Nortec SharePoint Quick Start: Document Management Workflow Made Simple

Need a fast, easy way to get your organization up to speed on SharePoint?  Nortec’s SharePoint Quick Start program will get you set up, trained and deployed in a jiffy.  Services include:

  • Company Site Setup
  • Best Practice Review
  • Site Cleanup Maintenance Plan for Legacy Sites
  • End User Training

Company Site Setup and Best Practice Review

  1. Determine your look. Can either take a look at existing sites that look the way you are hoping it to look, or we can go through different options we currently have available.
  2. Develop custom master page. This is the template sites will be using that will apply your look and feel to all sites and pages.
  3. Implement and Test. In a test site collection, deploy the new look and feel and verify it all functions as planned and looks as hoped.
  4. Roll out to all sites. Develop a roll-out plan to deploy to your existing sites. Also develop a roll-back plan if something goes wrong.

Best Practice Review:

  1. File organization. Organization of files by metadata rather than folder structure. Suggest a plan to have both, if a folder structure is mandatory.
  2. Navigation. Cover navigation options on sites for global (top) and current (left). Suggest term store navigation if dynamically hidden sites (based on access) are not necessary. If so, suggest structured navigation.
  3. Storage limits and quotas. Determine how large each site should be allowed to grow to before being alerted and adjusting. Also determine if the default single file size upload of 50MB is sufficient for your business needs.
  4. Cover file loss. First determine where version history (the ability to change a document back to an earlier version) is necessary and how to turn it on. Next cover what to do if a file is accidentally deleted.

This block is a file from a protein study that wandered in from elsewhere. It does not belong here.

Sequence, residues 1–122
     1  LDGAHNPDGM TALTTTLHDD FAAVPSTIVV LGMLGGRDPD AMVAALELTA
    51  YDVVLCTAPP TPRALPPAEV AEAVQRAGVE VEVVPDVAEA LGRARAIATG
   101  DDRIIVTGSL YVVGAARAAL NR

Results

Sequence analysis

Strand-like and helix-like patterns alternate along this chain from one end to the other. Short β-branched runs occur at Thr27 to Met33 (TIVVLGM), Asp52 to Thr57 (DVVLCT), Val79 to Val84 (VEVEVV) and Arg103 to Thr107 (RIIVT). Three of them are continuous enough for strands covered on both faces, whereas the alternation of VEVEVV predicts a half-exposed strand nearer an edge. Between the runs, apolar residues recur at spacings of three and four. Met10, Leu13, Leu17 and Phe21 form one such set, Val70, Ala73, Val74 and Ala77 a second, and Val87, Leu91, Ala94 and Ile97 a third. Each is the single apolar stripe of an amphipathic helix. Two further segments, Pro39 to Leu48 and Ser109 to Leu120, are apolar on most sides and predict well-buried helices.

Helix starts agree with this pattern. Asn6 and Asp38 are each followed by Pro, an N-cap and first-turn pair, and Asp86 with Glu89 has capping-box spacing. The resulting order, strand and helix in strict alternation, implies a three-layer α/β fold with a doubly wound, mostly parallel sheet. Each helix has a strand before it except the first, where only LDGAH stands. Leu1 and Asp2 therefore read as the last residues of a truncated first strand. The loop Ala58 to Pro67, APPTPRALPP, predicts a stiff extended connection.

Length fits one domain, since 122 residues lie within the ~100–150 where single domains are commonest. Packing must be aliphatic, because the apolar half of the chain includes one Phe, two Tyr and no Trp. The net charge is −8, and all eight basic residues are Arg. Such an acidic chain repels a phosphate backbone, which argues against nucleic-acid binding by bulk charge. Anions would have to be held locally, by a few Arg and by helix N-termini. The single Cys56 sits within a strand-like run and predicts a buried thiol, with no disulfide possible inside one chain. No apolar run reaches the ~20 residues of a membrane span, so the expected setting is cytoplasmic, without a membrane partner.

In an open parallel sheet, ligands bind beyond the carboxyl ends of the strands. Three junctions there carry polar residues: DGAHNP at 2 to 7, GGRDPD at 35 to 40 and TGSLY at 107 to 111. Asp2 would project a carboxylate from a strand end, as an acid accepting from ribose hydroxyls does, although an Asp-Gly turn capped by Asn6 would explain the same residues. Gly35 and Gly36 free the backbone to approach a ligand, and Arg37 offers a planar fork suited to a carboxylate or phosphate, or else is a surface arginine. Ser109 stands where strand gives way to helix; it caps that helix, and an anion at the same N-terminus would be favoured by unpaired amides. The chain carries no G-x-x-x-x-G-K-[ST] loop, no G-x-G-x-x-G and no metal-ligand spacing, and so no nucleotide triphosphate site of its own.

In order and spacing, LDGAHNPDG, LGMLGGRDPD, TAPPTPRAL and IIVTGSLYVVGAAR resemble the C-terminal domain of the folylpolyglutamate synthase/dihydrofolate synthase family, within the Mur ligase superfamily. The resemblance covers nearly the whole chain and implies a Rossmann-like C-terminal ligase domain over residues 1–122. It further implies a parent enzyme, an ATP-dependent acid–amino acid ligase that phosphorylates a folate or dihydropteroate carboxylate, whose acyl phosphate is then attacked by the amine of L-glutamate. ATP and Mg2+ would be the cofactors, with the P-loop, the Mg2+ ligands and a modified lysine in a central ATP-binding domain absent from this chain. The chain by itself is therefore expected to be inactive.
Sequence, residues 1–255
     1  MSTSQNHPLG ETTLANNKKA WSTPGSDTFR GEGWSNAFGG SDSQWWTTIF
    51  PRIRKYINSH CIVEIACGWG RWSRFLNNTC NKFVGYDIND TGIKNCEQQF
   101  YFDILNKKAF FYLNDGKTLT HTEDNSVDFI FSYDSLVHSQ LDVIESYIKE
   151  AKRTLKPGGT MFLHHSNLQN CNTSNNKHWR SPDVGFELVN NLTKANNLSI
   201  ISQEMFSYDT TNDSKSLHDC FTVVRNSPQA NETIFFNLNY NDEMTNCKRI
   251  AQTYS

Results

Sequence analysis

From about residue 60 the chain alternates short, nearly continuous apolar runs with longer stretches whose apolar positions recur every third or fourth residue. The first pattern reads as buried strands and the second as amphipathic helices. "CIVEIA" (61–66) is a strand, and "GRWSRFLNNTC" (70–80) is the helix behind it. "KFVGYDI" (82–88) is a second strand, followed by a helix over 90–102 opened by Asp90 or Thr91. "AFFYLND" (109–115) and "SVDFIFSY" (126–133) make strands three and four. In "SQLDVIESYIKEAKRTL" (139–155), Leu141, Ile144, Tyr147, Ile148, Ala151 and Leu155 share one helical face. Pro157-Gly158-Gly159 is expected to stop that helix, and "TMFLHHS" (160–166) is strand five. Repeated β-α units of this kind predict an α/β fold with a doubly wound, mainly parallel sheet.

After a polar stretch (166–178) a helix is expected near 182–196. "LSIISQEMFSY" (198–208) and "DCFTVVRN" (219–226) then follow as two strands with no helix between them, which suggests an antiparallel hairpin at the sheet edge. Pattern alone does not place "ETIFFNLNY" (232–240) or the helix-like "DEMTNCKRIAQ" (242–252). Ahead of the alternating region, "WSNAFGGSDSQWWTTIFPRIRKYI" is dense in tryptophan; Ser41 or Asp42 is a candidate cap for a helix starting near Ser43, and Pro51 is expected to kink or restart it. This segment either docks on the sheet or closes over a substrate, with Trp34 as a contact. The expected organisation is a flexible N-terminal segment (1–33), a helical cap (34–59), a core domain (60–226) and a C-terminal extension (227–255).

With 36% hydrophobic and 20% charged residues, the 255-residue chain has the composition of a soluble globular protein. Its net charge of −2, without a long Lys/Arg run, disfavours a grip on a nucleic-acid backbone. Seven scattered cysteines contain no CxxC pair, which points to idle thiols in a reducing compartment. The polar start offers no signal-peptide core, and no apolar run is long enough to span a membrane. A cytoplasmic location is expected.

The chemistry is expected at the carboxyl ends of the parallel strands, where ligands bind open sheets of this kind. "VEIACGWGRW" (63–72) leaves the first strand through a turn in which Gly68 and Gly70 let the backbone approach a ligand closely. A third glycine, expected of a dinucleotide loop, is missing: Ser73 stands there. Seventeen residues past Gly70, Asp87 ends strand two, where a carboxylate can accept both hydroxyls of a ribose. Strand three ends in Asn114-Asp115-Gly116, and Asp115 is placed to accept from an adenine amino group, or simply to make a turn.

5. Site and content review. Show you how to make sure your SharePoint site(s) don’t become stale document repositories. Show you how to look at reports of which content and sites have changed and which have not and for how long. Can also cover archiving if necessary.

Site Cleanup Maintenance Plan for Legacy Sites

  1. Define Roles and Responsibilities. We will help you, based primarily on your current organizational structure, who should be administrators, contributors, read-only, etc.
  1. Create an access report. We will help you determine who has access to what, see how it aligns with current roles and responsibilities. Enable audit logs in SharePoint.
  1. Create a current environmental governance report. We will determine how new sites are requested and implemented and how users are added and removed. Sites generally follow departmental structure to help with file organization and security needs. If no structure exists, we suggest this one.
  1. Develop a governance plan. We will build a governance plan to align site and user management with business requirements and to accommodate future growth. We will build a site retention and deletion policy and site templates pre-built to company look and feel. We will also develop a site request workflow. If one does not exist, we can assist in developing a file naming convention and enterprise taxonomy/metadata collection.

End User Training

  1. Permission structuring. This will include security groups, security levels, and where to apply security in alignment with current best practices.
  2. Basics of lists, libraries, web parts, and web pages. Each of these are unique and serve specific purposes that any SharePoint user would want to know.
  3. Site hierarchy. This will cover how web apps, site collections, and subsites play into the SharePoint experience overall.
  4. Differences from what they’re used to (assuming they’re coming from another version of SharePoint.) -This can be some customization Darren was talking about?
  5. Metadata. Lists and libraries have columns. These columns can be anything and are called either metadata or taxonomy/classification. SharePoint cannot start to be used to its full potential until it is realized what people can do with their data in lists or documents in libraries.
  6. Content types. This is just a single set of metadata distinguished separately from other sets of metadata within a list or library. For example – you may want proposals and training documents in the same library. If you want a proposal date column for proposals but not for training documents, you can have separate content types for both so they can have their own metadata/columns.
  7. Views. This is where list and library metadata really gets cranking and becomes useful. Show how items in lists and libraries can be filtered, grouped, ordered, etc. for easy mapping to relevant items.


Nortec Communications - Washington D.C